Skip to main content

TMX Talks — News. Updates. Events

Forgive to Rebuild

Forgive to Rebuild

In American race relations there’s room for one thing – forgiveness.  It’s like a spoonful of liquid medicine. It is important, it heals, it strengthens.

How many times have I walked in front of someone and not held the door?  Then seconds later thought, “ugh, that was silly, why didn’t I hold the door?”  Then those days when I’m in a hurry and don’t have time to let another driver into my lane.  So, I just speed by and let them get in whenever, however.  The best thing I can do when I am aware that I haven’t made room for another person is to forgive myself and be mindful at my next opportunity.

As a young woman, I was madly in love, then life got in the way.  We couldn’t make it work.  Now a few years have passed, and our kids reap the benefits of our forgiveness.  We forgive ourselves for our choices, the harsh words, the things that shouldn’t have been said, the generalizations we believed – we forgive each other, and everyone is able to heal and move forward.

Ever been at work, and thought, “why don’t they seem to respect me?”  Maybe they don’t include you in the weekend catch-up banter or invite you to the golf game at their local country club.  I once worked with a woman who seemed to smile at everyone but me.  For a couple of years, I sat 15 feet from her, and she barely said two words to me.  What did I do?  You got it.  I forgave her.  Every time I felt that prick of hurt, I forgave her.  I spoke to her.  I was polite at the company potluck.  I even stood near her to give her the opportunity to feel my vibe.  I genuinely meant her no ill will.  Finally, one day, she needed to leave early, and no one would help her finish her project.  I shook my head, smiled, walked over to her cubicle and offered to help.  She flushed and stammered, but graciously accepted my offer.  We instantly became fast friends.  I found her to be funny, modest, hardworking and kind.  She had never interacted with Black people before.  I was the only Black person in our department, and none lived in her community.  Well, here’s to being the first.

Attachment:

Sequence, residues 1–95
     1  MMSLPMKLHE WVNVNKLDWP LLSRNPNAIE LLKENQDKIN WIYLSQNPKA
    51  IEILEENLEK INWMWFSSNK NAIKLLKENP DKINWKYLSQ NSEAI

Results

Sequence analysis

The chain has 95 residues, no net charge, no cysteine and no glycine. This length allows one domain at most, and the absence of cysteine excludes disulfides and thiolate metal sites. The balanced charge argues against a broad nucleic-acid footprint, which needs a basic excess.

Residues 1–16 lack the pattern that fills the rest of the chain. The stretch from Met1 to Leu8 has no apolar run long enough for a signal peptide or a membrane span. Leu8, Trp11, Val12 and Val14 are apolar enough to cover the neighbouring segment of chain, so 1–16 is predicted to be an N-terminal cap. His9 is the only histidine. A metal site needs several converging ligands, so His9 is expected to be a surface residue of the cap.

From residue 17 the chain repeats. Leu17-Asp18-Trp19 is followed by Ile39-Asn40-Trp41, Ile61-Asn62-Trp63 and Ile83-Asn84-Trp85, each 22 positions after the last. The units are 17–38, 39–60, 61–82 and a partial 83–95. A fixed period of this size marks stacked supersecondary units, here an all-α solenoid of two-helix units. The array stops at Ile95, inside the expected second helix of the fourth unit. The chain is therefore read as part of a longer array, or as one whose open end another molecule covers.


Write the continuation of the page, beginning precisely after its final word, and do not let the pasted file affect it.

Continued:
Forgiving is work.  It’s never past tense (forgave).  It’s about trusting that your hope is worth holding on to.  It’s about letting go of injustice while adding steadfastness and hard work to the situation.  Forgiving is a muscle.  You work it often or it’s flabby and weak.  If you need to climb a steep slope, you need to get your muscles in shape.  We have a lot of work to do in this country.  It starts with us, each person – so let’s get to work.  I’m Black, and I’m willing to love again, to make time for others, to create new friendships, to rebuild America.

Like Love Haha Wow Sad Angry